The Hard Part About Live Action Design

Picture this: You’ve just developed your first activity for a live-action game: It involves gathering resources, bringing those resources to an evac point, and then defending the evac vehicle while the goods are secured. You announce the mission details to your players and get ready for a multi-phased battle of attrition:

Leading up to the event, each team spends almost an hour in isolated planning. In these makeshift briefing rooms, hundreds of players work together to plan team tactics and high level strategy on whiteboards and maps. With their plan figured out, Team 2 sets up a defensive perimeter around their stronghold and hopes for the best. As the clock ticks down the final moments before the mission, Team 1 finishes gearing up and is ready to begin their assault. Tonight belongs to them!

The mission begins at 8:00pm sharp. But shortly after the offense leaves the building, disaster strikes!

As you watch on in horror, your players’ cleverness completely shatters your intended plan. All of your hard work now looks more like this:

In this example, Team 2 pulls an unexpected audible and decimates the offense. After a brief attempt at a recovery, the offense is completely eliminated. The mission ends at 8:20pm, having barely gotten to Phase 2.

Scenarios such as this are expected in games where players can quit a match and boot up another game online, but in the realm of live-action games – which tend to be one-and-done experiences with massive community anticipation leading up to the event – you simply can’t allow unexpected player decisions to prematurely end your game. But what can be done to prevent this? Players are incredibly clever, and there’s such a wide spectrum of player performance and participation levels.

Simply put, the hard part about live action design is unpredictability.

Structuring a Flexible Reality

Live action games and experiences naturally encourage player creativity; when you already know the rules and limitations of the physical world, you are much better equipped to exploit them in potentially risky ways. When high-risk plans succeed, they substantially help one team; when they fail, they substantially help the other. The problem is that either outcome involves a potent change from the expected attrition pacing of the experience. So what can we do?

We can increase ambiguity so that players have just enough information to act, but no more. The value of this is twofold:

  • Intensity increases – when players don’t know everything, there is an increased sense of discomfort and intensity
  • Developer control increases – by having undisclosed variables, developers can use negative feedback loops to discreetly reduce variance in team performance

As an example, let’s take the initial flow chart and show what would potentially work even better:

This gives enough information to players (they know what tasks they’ll need to do in what order), but obscures certain details, such as exactly how long each activity will last, and exactly where they might take place. If desired, this type of ambiguity can be furthered for increased intensity. If, for example, this activity was the grand finale of a larger game, the Mission Details may read something like this:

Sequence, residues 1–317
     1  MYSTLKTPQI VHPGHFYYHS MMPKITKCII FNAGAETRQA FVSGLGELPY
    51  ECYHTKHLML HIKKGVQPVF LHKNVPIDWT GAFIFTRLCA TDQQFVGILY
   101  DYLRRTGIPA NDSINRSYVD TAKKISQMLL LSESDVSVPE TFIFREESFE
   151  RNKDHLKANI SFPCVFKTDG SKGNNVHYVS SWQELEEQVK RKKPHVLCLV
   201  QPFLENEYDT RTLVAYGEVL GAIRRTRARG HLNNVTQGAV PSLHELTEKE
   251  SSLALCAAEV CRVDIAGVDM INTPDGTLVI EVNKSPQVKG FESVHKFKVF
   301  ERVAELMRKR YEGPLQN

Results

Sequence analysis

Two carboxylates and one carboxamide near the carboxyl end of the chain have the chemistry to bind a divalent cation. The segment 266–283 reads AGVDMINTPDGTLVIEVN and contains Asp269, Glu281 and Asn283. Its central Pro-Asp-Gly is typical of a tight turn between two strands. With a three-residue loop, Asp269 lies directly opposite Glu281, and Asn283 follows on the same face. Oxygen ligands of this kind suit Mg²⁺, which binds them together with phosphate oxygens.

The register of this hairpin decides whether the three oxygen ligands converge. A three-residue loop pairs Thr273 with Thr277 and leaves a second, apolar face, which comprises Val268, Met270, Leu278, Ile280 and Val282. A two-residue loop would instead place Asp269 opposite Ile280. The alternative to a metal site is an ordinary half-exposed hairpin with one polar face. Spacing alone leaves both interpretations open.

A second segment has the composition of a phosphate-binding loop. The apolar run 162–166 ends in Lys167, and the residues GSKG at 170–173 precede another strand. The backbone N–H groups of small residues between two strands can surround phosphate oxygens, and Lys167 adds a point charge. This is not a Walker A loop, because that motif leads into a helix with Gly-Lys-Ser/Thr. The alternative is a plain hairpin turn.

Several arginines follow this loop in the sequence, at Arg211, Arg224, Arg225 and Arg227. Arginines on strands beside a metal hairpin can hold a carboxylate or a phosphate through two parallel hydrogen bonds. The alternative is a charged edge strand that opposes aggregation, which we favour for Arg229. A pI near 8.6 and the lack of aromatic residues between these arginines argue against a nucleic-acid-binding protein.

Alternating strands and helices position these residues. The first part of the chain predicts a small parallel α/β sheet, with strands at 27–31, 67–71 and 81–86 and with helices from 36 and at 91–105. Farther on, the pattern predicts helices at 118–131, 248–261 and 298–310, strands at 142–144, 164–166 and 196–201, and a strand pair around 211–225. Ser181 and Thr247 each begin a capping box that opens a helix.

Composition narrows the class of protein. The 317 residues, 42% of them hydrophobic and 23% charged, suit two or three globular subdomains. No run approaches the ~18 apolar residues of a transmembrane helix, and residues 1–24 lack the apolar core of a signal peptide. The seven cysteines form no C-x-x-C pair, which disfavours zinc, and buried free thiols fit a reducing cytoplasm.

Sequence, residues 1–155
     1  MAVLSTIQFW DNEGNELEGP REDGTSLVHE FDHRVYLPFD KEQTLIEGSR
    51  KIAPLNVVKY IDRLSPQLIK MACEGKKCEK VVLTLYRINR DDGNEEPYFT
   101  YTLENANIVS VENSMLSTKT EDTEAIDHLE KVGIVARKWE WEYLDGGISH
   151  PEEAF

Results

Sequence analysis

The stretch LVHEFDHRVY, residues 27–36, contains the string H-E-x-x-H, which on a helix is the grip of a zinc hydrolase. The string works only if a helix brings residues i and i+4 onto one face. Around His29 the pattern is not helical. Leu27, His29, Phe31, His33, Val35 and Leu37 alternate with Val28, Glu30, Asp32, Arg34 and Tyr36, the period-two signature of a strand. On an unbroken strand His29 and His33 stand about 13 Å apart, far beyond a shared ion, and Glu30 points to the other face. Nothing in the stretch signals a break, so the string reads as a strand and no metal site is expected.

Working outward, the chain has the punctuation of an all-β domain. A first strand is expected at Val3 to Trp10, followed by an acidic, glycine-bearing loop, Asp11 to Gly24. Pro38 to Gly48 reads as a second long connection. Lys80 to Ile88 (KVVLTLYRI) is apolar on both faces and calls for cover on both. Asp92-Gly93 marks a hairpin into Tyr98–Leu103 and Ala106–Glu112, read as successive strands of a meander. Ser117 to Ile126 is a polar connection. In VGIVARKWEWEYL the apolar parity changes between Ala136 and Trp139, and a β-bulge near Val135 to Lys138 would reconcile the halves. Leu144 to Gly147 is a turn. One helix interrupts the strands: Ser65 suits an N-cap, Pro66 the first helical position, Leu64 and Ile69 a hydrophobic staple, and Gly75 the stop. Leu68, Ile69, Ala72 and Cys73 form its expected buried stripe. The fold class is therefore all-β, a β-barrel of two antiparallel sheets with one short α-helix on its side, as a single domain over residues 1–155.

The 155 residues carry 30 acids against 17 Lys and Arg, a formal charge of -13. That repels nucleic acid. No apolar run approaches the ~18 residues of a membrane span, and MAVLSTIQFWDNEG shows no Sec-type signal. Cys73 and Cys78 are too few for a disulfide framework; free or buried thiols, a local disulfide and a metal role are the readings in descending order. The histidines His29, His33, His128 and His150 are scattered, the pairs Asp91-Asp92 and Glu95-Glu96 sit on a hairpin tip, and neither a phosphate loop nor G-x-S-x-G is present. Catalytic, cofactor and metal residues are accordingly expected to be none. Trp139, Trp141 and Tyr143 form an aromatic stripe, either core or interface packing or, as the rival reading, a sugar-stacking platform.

“Go collect MacGuffins from the surrounding area. We’ll give you more details once we hear from HQ. Good luck!”

This is very ambiguous, and arguably does not give enough information to strategize. If the goal of the finale is to test raw skill and adaptability and/or if the finale involves frequent opportunities for high-risk tactics, this is ideal. Just be sure to give players enough information that they would feasibly do what you want them to do.

Bringing it All Together

This whole time I’ve written to you on the difficulty of uncertainty in a live-action experience and the strategies to overcome it, but the truth is that this article is entirely independent of the medium: Every strategy listed is equally relevant for board games, live-action games, and videogames. Wherever there is undesirable unpredictability, the strategies above can help you create a framework that reacts quickly to player activity before it’s too late. Think about it:

  • Is your live-action game quickly becoming dominated by one team? Introducing “hidden” mission rewards that are given in addition to explicit rewards are a great way to supplement the weaker team’s payout without players knowing that the rewards were adjusted.
  • Does your game’s community feel like your newly-announced dungeon DLC doesn’t have strong enough loot? Consider teasing your players with images of the loot, but do not disclose the specifics of their use or stats until you have a better barometer on their perceived worth.
  • Have the players in your tabletop game started to feel unchallenged? Restore the thrill of uncertainty by keeping enemy strength and numbers unknown from your players, allowing you to unleash as many or as few as you need (Dungeon Masters have been doing this in tabletop RPG’s for decades).

In each of these situations (though it’s certainly harder in board games without DM’s), we are designing systems that enable the experience to react to players in a way that supports good pacing. And by employing a little bit of hidden information, we’ve also made these changes virtually undetectable, so players won’t feel like they received an unfair advantage/disadvantage.

This level of control comes at a high cost of responsibility: Poor dynamic balancing can make failure feel encouraged or a massive victory feel shallow. But when applied correctly, these techniques can certainly make the difference between a short-lived disaster and a lasting positive experience.

Leave a Reply

Your email address will not be published. Required fields are marked *